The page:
Own a mischievous mutt? It may be on our list of the 10 hardest dogs to train. Much like children it's easy to turn a blind eye to your furry friend's failings, but a lack of discipline may not be your fault. Some breeds are known for their disinterest in learning to obey their owners, making it an uphill struggle for any pet parent, or even trainer, to get them to do what they want.
Of course, that doesn't mean they are impossible to train, just that it will take a lot more patience and time to get them to understand right from wrong. The key, as with all dogs, is to use positive reinforcement to encourage mild manners. You can see how this is done in our guide to training dogs with treats: How to reinforce good behavior the right way.
Want to see if your four-legged friend is acknowledged as one of the 10 breeds most difficult to train and unlikely to be included in our list of What are the most obedient large dog breeds? Check out our top candidates for canine coaching catastrophe below.
- Training a dog without treats vs training with treats
- How to train a dog with treats
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What makes a dog difficult to train?
This could boil down to a number of things. Many commonalities found in the least obedient dogs include being fiercely independent and very intelligent, which when added to the fact that many of them are super stubborn, is the perfect cocktail for making them trickier to train.
From not listening and following simple commands, to chewing things and constantly barking at (seemingly) nothing, there are plenty of ways to spot a dog that is perhaps not as obedient as they should be.
But that’s okay. As with lots of training, patience, and positive reinforcement from an early age, (most of the time) you’ll have the perfect pup in no time.
So, let’s take a look at some of the hardest dog breeds to train.
Mischievous and stubborn, bulldogs seem to go out of their way when it comes to refusing to be trained. They are well known as a dog that takes a long time to learn anything as they like to do things at their own pace – or not at all if it isn't of interest to them! These couch potatoes aren't keen when it comes to walkies either, but it's a necessary evil as they are particularly prone to obesity.
Bred to spend their days chasing, it’s unsurprising that these sighthounds have issues concentrating on their owners. Sadly, no amount of training can overcome this natural instinct. However, letting them run free around a large, secure area every week will help satisfy their need to run and chase.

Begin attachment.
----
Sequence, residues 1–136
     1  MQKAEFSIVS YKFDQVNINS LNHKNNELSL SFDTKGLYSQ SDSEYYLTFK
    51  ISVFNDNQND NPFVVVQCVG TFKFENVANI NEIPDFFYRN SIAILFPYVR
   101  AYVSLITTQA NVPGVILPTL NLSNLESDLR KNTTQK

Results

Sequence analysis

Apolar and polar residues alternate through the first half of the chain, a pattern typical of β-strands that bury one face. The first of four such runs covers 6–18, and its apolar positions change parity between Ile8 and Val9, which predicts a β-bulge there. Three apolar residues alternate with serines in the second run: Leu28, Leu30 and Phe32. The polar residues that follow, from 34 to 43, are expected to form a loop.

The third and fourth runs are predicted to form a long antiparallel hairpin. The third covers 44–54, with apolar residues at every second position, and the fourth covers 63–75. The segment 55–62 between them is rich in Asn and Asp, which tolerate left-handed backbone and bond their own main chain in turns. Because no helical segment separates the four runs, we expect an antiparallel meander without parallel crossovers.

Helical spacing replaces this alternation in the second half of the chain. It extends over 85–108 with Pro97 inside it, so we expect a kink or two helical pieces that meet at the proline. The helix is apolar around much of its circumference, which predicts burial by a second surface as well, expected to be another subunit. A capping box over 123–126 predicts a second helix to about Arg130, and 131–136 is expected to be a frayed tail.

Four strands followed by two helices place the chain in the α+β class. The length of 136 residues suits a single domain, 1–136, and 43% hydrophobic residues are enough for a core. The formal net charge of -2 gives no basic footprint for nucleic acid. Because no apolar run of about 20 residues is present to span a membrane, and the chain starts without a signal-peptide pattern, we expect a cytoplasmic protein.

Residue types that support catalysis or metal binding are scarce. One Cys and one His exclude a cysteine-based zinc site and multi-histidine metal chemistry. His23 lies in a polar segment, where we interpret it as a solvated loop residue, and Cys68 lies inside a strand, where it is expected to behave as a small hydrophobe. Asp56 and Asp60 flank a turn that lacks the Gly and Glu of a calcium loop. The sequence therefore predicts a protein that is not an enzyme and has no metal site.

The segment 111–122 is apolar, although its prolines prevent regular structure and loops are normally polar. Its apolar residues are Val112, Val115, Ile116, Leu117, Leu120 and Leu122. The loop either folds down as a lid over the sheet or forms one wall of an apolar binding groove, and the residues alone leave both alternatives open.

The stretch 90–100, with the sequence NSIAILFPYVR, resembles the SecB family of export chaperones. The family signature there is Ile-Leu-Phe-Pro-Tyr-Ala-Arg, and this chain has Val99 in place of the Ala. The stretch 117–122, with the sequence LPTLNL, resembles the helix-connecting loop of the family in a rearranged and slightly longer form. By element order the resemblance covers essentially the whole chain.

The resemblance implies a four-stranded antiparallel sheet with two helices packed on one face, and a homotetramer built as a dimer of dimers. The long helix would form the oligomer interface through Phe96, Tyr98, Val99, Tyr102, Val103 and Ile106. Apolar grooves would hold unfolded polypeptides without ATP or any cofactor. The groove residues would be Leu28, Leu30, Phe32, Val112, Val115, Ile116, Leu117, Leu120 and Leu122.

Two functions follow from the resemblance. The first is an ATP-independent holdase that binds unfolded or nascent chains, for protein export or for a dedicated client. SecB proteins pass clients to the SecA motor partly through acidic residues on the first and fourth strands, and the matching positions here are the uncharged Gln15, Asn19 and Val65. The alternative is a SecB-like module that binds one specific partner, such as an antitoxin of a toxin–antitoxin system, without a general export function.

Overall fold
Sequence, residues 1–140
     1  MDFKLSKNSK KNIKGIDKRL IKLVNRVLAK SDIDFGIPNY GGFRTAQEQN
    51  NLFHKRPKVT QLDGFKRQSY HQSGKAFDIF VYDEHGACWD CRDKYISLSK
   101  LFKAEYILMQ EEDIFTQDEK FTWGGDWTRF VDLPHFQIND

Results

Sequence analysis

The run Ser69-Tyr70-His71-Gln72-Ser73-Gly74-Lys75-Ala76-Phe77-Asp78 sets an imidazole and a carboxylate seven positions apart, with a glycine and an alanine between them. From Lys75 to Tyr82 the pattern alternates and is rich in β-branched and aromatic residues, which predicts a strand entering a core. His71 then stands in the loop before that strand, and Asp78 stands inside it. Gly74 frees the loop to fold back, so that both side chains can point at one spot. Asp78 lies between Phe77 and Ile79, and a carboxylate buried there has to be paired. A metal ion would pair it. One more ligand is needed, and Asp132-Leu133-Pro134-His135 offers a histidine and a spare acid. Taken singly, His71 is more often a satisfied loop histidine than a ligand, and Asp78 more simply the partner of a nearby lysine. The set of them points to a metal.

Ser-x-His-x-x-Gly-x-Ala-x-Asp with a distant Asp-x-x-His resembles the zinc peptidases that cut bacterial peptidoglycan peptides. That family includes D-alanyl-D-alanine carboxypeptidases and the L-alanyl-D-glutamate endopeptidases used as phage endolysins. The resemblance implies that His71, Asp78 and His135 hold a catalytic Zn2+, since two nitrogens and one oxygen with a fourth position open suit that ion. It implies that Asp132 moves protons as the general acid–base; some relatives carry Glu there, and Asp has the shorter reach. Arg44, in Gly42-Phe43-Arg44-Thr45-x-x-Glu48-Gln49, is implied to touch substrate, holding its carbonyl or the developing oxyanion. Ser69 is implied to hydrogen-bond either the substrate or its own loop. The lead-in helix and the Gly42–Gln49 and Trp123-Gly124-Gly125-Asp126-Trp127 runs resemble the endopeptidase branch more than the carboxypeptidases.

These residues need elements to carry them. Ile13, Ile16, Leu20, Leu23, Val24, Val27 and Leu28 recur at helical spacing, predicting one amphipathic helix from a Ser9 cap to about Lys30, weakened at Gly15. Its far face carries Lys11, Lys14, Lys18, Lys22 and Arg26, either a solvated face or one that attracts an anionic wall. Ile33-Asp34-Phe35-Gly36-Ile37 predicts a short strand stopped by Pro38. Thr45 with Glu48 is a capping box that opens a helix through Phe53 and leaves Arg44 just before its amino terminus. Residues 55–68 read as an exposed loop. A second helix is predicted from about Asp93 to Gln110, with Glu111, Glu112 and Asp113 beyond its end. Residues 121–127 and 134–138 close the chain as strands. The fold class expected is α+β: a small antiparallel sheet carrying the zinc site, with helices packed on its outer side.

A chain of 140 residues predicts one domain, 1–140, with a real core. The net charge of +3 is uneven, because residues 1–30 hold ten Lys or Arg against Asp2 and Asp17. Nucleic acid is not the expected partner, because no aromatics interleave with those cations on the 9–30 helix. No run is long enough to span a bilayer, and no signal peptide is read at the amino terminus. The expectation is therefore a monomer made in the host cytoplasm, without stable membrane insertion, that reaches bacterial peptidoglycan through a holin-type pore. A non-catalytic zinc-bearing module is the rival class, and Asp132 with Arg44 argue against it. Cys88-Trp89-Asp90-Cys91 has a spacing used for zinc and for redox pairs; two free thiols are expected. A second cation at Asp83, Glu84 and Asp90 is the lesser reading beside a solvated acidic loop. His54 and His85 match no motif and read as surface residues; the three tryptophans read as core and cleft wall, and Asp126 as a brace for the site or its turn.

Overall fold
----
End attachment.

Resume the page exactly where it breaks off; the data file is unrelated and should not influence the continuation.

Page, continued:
Small but mighty, Dachshunds were bred to hunt and dig tunnels in search of badgers and moles. They are often independent, brave, lively, vocal, and stubborn. Due to being a highly intelligent breed, their minds and bodies need to be kept active as doggy boredom can fuel disobedience.
Old English Sheepdog
This iconic breed is incredibly smart and independent. However, they can also be very strong-willed and require a fairly strict training regime that focuses more on respect training rather than dog obedience training.
The comical pug is very easy to please, but they aren't so good when it comes to pleasing their owners. Notably stubborn, they regularly turn a deaf ear to commands, and are slow to move from their favorite spot if it doesn't suit them. They also use their endearing qualities to do all they can to beg for food and attention, making it very difficult to not give into them, even when you know it would be better for them if you didn't!
Bright, energetic, and often very headstrong dogs, Boxers require lots of exercise and mental stimulation to keep unwanted behaviours at bay. This includes chewing things that shouldn’t be chewed and digging... lots of digging.
These teddy-bear-like dogs have the temperament of a cat. Yes, that means aloof, stubborn and very difficult to get them to do what you want! Chow Chows are renowned for their ability to completely ignore their owners and often have behavioral problems like dog aggression and strong territorial tendencies. The key to getting them to behave is to ensure they are socialized from an early age, but even then it can be an uphill struggle.
One of the world’s most easily recognisable breeds, Dalmatians were originally bred to have the energy needed to guard horses and coaches. Should they not receive the correct training from a young age or have a poor relationship with their owner, this can lead to them being incredibly disobedient.
You can learn more about their temperament and typical lifestyle in our Dalmatian: Breed profile.
No matter how much you train a Shih Tzu, they will still have their stubborn outbursts from time to time. However, with early intervention, unwanted behaviors such as nipping, excessive barking, and aggression can be trained out of this breed.
Maltese are often described as being set in their ways and, if they have been unable to make use of their high energy levels, they may begin constantly barking, chewing, and pacing about, making exercise essential for this breed.
Chloe is a freelance writer, editor, and proofreader, who has more than ten years’ experience in creating animal-focussed content. From National Geographic to Animal Planet, Chloe’s passion for creating fact-filled features all about wildlife and the environment is evident. But it’s not just wild animals that Chloe’s fascinated by. Having written more than 75 articles for PetsRadar - and having her very own four-legged friend by her side - it’s no wonder that her love of dogs (and, of course, cats) has grown exponentially.
Her website, www.chloemaywrites.com, and social media pages - @ChloeMayWrites on Instagram, Facebook, and Twitter - showcase her knowledge through daily facts and trivia tidbits. For example, did you know that snails have teeth?!
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